Do you see adults?


Yes, for specialized cases only. We see adult patients who may be suffering with post-concussion syndrome accompanied by lingering ocular symptoms. We also see adults with a history of strabismus and/or a history of strabismus surgery who have binocular vision symptoms.




What makes a comprehensive pediatric eye exam different from a standard eye exam or vision screening?


Comprehensive pediatric eye exams are specifically designed to test not only for sight accuracy and eye health but how well your child’s eyes work together. Eye-brain coordination symptoms can affect your child's reading and comprehension, cause concentration issues and often headaches. A complete eye health evaluation, refraction and consultation will be performed to rule out disease or other eye related problems. Corrective lenses, other treatments or referral to other medical specialists will be recommended, if needed. A pediatric optometrist is specifically trained to assess a young child with a series of objective tests that can determine prescription, eye positioning and eye health without much response from the child. Most parents are surprised to learn that pediatric optometrists can assess a child’s vision before they learn their letters, or even before they can respond verbally. There are some vision conditions that do not have any symptoms and can only be detected through a comprehensive eye exam using dilating drops. Children are sometimes able to mask an underlying condition that may lead to longer lasting vision issues if not caught and corrected at a young age.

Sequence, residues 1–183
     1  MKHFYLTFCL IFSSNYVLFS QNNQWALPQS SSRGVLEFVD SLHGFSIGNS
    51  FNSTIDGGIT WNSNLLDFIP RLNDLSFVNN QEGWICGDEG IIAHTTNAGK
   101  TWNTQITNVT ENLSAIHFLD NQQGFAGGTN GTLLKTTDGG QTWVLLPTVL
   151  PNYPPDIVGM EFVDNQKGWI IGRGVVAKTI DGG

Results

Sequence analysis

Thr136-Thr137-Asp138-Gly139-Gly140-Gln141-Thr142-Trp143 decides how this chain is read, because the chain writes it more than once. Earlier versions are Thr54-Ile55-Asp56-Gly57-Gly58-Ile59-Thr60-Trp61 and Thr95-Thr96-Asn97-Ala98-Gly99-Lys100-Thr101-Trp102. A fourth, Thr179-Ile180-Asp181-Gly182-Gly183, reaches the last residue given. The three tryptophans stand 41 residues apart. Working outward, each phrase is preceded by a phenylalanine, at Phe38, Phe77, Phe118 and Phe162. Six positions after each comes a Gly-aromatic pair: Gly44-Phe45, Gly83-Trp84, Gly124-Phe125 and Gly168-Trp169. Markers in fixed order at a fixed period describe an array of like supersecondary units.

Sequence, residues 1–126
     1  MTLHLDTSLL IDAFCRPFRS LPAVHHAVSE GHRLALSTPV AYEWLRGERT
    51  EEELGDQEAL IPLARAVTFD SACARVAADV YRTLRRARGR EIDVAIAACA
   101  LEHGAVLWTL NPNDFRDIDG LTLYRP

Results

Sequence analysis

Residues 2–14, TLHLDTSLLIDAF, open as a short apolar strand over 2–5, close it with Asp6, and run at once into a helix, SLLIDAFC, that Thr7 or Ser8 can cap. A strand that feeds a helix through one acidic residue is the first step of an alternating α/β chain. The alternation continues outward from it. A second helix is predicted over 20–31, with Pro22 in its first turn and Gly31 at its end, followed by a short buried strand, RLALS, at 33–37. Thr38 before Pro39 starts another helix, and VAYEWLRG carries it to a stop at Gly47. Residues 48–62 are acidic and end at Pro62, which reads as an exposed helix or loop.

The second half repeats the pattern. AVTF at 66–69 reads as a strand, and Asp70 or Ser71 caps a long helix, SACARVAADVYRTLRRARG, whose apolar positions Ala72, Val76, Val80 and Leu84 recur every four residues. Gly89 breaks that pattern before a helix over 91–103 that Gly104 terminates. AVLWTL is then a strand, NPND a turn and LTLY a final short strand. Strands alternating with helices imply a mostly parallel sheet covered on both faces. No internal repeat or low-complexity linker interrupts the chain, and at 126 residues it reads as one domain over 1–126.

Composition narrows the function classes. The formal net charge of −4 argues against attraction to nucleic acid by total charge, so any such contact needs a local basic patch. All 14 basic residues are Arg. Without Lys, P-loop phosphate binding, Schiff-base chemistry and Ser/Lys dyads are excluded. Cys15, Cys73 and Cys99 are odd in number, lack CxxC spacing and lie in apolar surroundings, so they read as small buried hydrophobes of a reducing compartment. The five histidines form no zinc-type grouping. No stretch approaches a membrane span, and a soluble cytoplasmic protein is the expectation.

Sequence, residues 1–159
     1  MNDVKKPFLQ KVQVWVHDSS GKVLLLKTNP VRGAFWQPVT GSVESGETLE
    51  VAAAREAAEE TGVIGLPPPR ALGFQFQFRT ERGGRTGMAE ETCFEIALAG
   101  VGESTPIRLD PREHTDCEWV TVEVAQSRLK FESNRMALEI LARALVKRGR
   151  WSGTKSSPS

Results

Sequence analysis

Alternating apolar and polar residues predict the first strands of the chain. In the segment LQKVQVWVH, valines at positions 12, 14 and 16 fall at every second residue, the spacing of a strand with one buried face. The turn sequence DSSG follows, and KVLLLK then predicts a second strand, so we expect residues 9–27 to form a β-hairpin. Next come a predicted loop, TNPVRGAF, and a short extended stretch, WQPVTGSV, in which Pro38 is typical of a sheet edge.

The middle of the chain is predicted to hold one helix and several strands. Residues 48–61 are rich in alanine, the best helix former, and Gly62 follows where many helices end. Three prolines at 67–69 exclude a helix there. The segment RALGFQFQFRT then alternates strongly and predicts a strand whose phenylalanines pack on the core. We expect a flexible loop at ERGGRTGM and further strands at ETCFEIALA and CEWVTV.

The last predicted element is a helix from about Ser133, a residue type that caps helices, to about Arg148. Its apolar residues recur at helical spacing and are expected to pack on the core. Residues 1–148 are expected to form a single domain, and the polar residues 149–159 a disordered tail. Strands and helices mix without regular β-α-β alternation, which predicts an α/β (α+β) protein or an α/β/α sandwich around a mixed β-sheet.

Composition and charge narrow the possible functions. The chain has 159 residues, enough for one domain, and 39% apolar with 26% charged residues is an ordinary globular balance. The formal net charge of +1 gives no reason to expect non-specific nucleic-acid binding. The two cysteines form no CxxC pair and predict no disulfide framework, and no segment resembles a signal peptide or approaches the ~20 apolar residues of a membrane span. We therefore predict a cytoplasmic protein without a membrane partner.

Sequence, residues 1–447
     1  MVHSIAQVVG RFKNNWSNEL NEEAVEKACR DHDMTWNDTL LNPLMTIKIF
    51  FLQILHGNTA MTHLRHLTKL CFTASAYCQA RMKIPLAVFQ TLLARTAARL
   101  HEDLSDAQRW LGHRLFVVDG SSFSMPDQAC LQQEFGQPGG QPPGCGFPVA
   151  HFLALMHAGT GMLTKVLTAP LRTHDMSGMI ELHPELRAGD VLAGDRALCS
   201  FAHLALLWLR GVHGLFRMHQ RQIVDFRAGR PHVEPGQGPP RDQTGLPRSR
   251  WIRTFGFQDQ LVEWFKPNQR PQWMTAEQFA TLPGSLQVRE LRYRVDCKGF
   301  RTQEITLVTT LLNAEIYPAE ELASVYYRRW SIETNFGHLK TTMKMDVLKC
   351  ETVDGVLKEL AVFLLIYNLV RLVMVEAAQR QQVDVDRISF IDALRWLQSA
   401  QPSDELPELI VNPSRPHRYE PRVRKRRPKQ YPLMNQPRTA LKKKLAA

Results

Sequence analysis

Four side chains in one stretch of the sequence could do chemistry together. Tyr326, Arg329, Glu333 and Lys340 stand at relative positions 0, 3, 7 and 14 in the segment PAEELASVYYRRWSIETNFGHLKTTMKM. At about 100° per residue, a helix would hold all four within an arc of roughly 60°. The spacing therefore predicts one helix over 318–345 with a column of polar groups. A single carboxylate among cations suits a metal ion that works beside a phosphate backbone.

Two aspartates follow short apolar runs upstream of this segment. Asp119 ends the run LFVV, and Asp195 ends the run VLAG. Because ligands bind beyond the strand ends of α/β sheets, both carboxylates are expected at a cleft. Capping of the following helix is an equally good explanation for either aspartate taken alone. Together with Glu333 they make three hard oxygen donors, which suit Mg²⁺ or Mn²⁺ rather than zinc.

What should I do to help my child prepare for their eye exam?


Less preparation is generally best! You should expect your child to like their doctor and enjoy their visit. Dr. Squeri has dedicated her career and practice to treating children and providing the best care as well as best experience during and after your child’s visit. Here are some additional pointers:

  • Talk positively about your child’s visit and how they will enjoy seeing the eye doctor.
  • Make the appointment for a time of day that is good for your child. They should be well rested and fed, and not over stimulated.
  • Please bring any previous eyeglasses or contacts to our office at the time of the visit and any reports from previous eye exams or other referring doctors.




What should I expect at my child’s first eye exam?